Popular Culture and Coloniality: Decolonizing Global Media and Communication
March 28, 2019 | Philadelphia, USA
Over the past three decades, intellectual energy in global media studies has worked to decolonize the field. Building on these legacies and others across the humanities and social sciences, the inaugural CARGC-fellows biennial conference seeks to examine the relationship between popular culture and coloniality. Using popular culture as a avenue through which to examine global geo-politics and communication, the conference invites submissions that critically examine affect, power, representation, and politics in shifting technological landscapes. In doing so, this one-day conference asks: how can critical, theoretical, and empirical studies of popular culture push global media studies to further examine the production of knowledge?
We invite papers that work critically to further decolonize media studies and unmoor scholarship from sedimentary understandings of place, space, time, and power beyond determinist discourses like the essentialization of media and technology. The CARGC symposium solicits scholarship from early career scholars that:
- Uses popular culture artifacts such as music, melodrama, digital and social media, film, performance, folk culture, television, comics, cartoons, street art, print media, memes, comedy, and more to interrogate ideas of place, beyond the binaries of local/global, traditional/modern, west/rest, and the boundaries and possibilities of comparative research; global is not simply scholarship outside the hegemonic West; rather an orientation.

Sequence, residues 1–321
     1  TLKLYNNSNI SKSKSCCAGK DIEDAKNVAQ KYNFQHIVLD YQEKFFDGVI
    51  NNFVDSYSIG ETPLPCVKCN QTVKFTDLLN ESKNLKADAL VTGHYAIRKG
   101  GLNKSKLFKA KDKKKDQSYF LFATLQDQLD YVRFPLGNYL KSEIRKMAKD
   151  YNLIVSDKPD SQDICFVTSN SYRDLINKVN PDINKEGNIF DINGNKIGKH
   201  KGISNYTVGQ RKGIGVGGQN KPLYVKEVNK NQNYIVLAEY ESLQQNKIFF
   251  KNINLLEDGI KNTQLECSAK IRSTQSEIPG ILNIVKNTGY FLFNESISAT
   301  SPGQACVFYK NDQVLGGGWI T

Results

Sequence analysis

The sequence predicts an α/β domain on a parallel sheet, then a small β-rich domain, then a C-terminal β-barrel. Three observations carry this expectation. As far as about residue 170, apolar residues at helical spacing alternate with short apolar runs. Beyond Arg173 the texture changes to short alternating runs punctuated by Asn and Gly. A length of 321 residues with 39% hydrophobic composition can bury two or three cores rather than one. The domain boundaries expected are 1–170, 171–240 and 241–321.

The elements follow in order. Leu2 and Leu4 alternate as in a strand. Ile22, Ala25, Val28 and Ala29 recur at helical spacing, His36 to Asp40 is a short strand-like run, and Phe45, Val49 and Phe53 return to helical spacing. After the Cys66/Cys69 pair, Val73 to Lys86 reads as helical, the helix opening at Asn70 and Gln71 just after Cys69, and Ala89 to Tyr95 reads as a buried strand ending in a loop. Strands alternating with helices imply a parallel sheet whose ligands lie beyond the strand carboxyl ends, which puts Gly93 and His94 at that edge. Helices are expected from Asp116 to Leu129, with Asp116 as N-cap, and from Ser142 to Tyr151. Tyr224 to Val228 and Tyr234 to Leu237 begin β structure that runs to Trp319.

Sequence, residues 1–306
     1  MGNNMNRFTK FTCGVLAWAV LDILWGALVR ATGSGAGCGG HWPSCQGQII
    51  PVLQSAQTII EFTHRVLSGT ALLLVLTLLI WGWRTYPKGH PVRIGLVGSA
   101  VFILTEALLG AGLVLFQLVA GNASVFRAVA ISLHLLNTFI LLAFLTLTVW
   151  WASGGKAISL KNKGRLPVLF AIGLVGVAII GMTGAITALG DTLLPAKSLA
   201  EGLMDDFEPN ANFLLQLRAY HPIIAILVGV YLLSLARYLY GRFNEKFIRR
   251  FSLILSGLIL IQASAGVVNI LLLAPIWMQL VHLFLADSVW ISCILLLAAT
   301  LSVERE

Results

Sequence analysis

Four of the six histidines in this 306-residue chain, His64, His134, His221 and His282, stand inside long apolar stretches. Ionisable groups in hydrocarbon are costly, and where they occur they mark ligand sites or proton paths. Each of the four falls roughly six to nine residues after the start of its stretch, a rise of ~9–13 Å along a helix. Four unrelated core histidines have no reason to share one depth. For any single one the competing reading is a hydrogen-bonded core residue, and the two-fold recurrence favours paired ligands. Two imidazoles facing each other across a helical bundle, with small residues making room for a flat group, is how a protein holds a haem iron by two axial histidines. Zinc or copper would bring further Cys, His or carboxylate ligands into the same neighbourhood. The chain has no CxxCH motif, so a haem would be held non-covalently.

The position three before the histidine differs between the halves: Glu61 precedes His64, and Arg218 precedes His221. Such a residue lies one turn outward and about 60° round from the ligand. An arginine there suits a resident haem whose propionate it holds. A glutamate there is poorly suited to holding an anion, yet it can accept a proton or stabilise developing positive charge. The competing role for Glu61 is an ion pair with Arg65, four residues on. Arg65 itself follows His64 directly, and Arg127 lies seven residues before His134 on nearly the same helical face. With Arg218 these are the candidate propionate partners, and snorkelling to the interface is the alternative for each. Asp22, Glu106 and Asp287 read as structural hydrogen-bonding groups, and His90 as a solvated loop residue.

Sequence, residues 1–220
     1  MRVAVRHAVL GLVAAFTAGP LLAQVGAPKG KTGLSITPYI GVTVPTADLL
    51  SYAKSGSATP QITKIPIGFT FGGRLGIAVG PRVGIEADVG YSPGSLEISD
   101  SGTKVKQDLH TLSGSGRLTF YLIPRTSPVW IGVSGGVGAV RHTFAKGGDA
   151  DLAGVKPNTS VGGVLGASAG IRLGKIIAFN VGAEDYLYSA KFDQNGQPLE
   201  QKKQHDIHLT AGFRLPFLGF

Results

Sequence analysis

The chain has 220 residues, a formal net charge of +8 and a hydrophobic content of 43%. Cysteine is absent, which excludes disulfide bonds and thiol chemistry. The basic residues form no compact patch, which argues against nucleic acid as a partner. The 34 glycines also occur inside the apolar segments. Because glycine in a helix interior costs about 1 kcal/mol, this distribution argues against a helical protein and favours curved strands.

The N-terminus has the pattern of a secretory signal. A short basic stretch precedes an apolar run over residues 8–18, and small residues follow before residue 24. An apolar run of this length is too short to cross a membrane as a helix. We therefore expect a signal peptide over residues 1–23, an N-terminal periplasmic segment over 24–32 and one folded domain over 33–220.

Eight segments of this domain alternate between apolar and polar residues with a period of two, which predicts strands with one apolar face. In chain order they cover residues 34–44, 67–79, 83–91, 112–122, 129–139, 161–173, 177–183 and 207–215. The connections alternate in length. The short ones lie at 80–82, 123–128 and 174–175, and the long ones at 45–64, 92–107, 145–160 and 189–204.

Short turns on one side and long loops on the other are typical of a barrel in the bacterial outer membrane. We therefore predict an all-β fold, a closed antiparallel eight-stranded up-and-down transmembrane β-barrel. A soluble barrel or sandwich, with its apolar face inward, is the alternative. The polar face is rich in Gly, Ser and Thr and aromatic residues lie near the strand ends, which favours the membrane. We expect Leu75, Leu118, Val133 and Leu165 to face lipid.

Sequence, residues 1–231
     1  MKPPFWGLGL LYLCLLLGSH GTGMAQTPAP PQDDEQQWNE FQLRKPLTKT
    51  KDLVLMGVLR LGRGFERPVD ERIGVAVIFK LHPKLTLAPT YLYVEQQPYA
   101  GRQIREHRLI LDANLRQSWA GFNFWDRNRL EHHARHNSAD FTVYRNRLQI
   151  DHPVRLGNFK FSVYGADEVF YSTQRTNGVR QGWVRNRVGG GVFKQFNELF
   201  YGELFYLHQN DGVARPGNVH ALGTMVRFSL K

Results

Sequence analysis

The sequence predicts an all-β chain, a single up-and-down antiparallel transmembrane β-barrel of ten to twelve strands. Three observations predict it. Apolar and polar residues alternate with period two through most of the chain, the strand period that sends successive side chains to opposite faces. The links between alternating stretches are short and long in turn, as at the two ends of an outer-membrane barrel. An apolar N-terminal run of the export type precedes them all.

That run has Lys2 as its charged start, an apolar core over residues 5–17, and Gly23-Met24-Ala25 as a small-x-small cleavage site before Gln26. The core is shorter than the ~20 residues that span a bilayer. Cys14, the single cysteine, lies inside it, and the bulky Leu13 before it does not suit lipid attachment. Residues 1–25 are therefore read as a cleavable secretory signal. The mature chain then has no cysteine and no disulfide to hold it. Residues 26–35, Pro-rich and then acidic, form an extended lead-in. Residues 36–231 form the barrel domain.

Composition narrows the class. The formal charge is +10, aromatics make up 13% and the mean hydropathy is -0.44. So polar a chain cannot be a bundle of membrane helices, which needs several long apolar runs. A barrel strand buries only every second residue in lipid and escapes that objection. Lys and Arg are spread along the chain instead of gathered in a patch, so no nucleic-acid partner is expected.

- Observes the experiences of audiences alongside the political economy of cultural production and consumption in order to analyze power beyond the dichotomy of oppression/resistance and pursue instead the generative spaces between, outside, next to, or beyond dualisms.
- Interrogates media and technological platforms as sites of popular cultural production, while focusing on claim-making and meaning-making processes of active audiences and digital consumers;
- Imagines political bodies, subjectivities, and affect by seeking out and analyzing representations of underrepresented voices, cultures, bodies, and abilities;
- Explores overlapping histories of the popular and of popular culture in order to brush history against the grain;
- Otherwise uses the production and consumption of popular culture in order to rethink the production of knowledge, challenging eurocentrism, elitism, and other frameworks of power, offering other ways of knowing.
Interested participants should send abstracts of 250 words email@example.com by September 15, 2018.